Manila — The softer political mood of President Ferdinand Marcos in recent days can be seen as a fruit of the unprecedented demonstrations in Manila against his rule. The regularity of the demonstrations and the violence of some of them have had the world watching the Philippines and wondering whether Marcos's government is facing imminent collapse.
Yet the demonstrations themselves, and Marcos's yielding to some demands of his opponents, does not necessarily suggest victory for the opposition leaders.
Marcos's moves do indicate a softening of his previously uncompromising stance vis-a-vis the opposition groups' demands.
First, he has decided to reconstitute the commission investigating the Aug. 21 assassination of opposition leader Benigno Aquino, the event which triggered the current rash of protests. The opposition and Aquino's own family have doubted the commission's credibility, and it never started a proper investigation. Its originally appointed head and four members have resigned, leaving their work at a standstill.
The second conciliatory move from Marcos is an announcement that the government is now considering the province or district as the basic representation area for the 1984 National Assembly election. In previous elections, voting for parliamentary seats has been on a broader, regional representation basis.
Opposition political parties complained that with regional voting, only Marcos's ruling party, the New Society Movement, has the organizational and financial machinery to launch a campaign in such large areas. An opposition party official said with campaigning on a provincial or district basis, the fragmented opposition could compete more effectively.
The opposition continues to be a splintered and unconvincing alternative to the Marcos regime. In dealing with them over the years, Marcos had used classical carrot-and-stick tactics with such skill that any opposition leader either was manageable or eventually was removed from active politics.
As yet, no platform of government has been put forward by anyone in the opposition. No plan of action has emerged for the transfer of power, and there is no opposition leader who commands a broad, popular following. A group of young businessmen recently walked out on an opposition meeting after demanding an outline of plans for the future and being simply told that ''Marcos should resign.''
The current rash of anti-Marcos demonstrations is being led from a number of inter-related opposition quarters. The Justice for Aquino, Justice for All (JAJA) movement, formed shortly after the death of Aquino, is at the center of activities and claims the role of overall coordinator of protest actions. It was responsible for the largest rally to have taken place, with a crowd estimated between 100,000 and 500,000 turning up for a ''national day of sorrow.'' The day was exactly a month after Aquino's assassination and was also the anniversary of the declaration of martial law by Marcos in 1972.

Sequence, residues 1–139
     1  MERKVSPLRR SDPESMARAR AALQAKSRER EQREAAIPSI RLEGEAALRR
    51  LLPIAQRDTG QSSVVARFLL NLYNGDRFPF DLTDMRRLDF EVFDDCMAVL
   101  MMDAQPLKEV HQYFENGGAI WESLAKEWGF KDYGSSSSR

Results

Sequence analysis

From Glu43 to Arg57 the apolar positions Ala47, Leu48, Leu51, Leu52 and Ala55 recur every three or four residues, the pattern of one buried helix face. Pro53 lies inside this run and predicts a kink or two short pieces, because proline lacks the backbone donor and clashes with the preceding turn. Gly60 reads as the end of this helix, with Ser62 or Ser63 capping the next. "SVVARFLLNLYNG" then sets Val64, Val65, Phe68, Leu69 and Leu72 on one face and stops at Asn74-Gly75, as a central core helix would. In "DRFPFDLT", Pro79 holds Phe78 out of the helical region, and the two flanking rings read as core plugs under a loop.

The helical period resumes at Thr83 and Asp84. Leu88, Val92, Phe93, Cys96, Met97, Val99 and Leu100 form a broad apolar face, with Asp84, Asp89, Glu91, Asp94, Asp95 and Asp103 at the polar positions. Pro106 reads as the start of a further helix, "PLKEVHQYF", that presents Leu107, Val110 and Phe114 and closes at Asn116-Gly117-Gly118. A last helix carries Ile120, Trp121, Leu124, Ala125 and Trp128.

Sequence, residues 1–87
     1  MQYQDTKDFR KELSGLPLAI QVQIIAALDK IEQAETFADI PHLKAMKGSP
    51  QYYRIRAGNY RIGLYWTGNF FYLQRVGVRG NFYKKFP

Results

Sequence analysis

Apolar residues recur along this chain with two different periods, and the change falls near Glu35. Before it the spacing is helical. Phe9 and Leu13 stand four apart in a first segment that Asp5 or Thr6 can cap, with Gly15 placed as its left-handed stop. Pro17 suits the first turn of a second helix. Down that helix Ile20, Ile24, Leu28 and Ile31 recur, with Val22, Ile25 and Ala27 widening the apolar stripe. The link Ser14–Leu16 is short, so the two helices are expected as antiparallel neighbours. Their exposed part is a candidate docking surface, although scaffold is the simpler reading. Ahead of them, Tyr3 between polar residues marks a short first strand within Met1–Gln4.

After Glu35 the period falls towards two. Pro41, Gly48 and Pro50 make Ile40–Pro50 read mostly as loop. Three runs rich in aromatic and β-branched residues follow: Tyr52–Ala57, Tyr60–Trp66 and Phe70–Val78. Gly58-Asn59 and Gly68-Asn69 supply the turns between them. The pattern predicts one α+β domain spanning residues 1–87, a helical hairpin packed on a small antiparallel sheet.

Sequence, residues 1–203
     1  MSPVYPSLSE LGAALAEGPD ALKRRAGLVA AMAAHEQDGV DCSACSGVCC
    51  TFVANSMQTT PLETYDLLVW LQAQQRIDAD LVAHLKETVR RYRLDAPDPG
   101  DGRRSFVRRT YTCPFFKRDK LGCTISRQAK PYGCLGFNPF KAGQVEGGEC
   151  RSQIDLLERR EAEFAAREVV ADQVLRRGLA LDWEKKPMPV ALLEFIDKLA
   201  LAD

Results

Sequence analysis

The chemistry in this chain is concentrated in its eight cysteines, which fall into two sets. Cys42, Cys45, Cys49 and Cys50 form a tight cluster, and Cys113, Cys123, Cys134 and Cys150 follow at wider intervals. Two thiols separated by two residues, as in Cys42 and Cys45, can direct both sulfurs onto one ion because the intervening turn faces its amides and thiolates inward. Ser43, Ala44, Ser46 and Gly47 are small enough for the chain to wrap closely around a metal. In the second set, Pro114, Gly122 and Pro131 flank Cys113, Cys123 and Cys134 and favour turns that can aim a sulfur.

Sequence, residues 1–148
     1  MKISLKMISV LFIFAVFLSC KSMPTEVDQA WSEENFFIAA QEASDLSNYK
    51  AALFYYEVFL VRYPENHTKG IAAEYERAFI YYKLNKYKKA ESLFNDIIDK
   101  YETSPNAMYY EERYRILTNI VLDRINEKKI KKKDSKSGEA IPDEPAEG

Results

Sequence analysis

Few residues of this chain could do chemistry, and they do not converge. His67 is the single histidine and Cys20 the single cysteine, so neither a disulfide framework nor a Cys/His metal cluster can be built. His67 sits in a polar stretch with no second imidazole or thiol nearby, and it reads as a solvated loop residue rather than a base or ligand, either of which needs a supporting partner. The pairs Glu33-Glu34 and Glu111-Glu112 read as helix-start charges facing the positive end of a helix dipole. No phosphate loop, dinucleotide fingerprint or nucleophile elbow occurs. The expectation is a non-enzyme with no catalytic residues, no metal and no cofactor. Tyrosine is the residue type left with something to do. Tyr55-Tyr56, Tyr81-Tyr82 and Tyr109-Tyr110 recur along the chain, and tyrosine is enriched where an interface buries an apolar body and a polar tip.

JAJA claims the membership of over 90 civic, religious, professional, labor, and student organizations, and the affiliation of the two major opposition political parties - the United Nationalist and Democratic Organization (UNIDO) and the Pilipino Democratic Party - Lakas Ng Bayan (PDP-Laban).
The emergence of JAJA has been hailed as the beginning of unity among the traditional, non-radical opposition in the Philippines. But it has become evident that despite the great opportunity for unity presented by the overwhelming turnouts in rallies, the opposition has not closed ranks.
One cynic in Marcos's administration said of the opposition leaders: ''We'll take them seriously when they can organize a press conference.''
The remark pointed to failure by the leadership of JAJA and of UNIDO to coordinate activities. Each group recently conducted separate, simultaneous press conferences following one of the rallies. In another instance, former Senator Jose Diokno, one of the organizers of JAJA, was scheduled to speak in an open forum at the University of the Philippines at the same time that the university students were holding a rally downtown.
The prospects for the opposition are evidently not good. The most optimistic outcome of the demonstrations they have organized are the few concessions that Marcos has given in order to keep his regime going. If Marcos stays around - contrary to rumors that he is terminally ill - it would do the opposition good if they could sustain the high anti-government sentiments until a viable alternative emerges.
But if the protests were to bring Marcos down, or if he were to suddenly leave the scene, it is anyone's guess who or what would replace him. The likelihood that the small Communist Party of the Philippines and its guerrilla arm, the New People's Army, or any other radical group could make a serious bid for power is too remote for consideration.
Judging from Marcos's conciliatory moves in the last few days, some observers here suspect he may not have entirely lost his shrewd political sense. It appears that at least he has noticed the intensity of anti-government sentiment among the millions of Manilans who have turned up in the rallies.